Friday, August 31, 2007

The Senator Craig Transcripts

So, the transcripts of the post arrest interview of Senator Larry Craig have been released. See Transcript of Police Interview of Sen. Larry Craig, (Aug. 30, 2007). The entire tapes transcript is worth a read. They remind us that the promise of Lawrence v. Texas, 539 U.S. 558 (2003) has still a ways to go. But the most interesting aspect for me was the way in which the solicitation was made and the arrest pursued:

DK: Okay Urn, I just wanna start off with a your side of the story, okay. So, a

LC: So I go into the bathroom here as I normally do, I'm a commuter too here.

DK: Okay.

LC: I sit down, urn, to go to the bathroom and ah, you said our feet bumped. I believe they did, ah, because I reached down and scooted over and urn, the next thing I knew, under the bathroom divider comes a card that says Police. Now, urn, (sigh) that's about as far as I can take it, I don't know of anything else. Ah, your foot came toward mine, mine came towards yours, was that natural? I don't know. Did we bump? Yes. I think we did. You said so. I don't disagree with that.

DK: Okay. I don't want to get into a pissing match here.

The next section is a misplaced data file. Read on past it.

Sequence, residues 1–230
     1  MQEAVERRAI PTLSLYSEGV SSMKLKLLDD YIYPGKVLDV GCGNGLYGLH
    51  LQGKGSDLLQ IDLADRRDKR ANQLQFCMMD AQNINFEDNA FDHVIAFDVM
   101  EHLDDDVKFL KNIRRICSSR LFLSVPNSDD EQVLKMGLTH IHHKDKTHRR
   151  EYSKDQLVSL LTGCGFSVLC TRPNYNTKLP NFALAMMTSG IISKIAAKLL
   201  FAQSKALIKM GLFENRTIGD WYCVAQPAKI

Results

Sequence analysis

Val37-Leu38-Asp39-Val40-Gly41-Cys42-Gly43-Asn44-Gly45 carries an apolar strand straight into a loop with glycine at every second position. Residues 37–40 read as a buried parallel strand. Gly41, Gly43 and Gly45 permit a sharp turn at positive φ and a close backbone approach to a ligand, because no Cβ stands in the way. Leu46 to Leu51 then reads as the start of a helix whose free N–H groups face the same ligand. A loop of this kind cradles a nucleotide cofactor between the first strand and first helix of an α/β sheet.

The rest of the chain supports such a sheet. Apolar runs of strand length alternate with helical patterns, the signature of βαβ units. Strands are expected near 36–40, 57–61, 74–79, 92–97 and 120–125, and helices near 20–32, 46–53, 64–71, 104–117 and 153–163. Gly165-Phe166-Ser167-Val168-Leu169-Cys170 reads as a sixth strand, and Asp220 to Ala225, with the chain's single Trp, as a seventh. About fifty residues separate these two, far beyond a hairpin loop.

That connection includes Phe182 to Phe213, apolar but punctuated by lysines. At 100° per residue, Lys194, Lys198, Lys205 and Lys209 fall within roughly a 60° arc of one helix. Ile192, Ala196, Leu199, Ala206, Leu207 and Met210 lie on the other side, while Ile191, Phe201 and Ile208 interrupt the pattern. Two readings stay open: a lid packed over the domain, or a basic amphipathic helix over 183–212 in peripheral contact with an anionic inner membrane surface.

LC: We're not going to.

Transcript, supra.

So allow me to be a bit provocative: As the tapes make clear, the state continues to take as its basic premise that same sex solicitation is closer to prostitution and other acts of lewdness, than it is to the casual solicitation of affective (sexual) interest between people of different sexes (and specifically between adult men and women). The state spends little time policing against any but the rudest forms of solicitations of sexual interest between men and women. The state devotes a tremendous amount of energy on vice--both sex for hire (whatever the sex of the participants) and sex between (in this case) men. That conflation ought to trouble us today far more than it did back in the days before Lawrence. Until the expression of sexual desire among anyone but heterosexual couples is uncoupled from the prostitution/lewdness construct, the expression of non conformist sexual desire will remain suspect, irrespective of the availability of the safe harbors" of civil unions and "gay" spaces.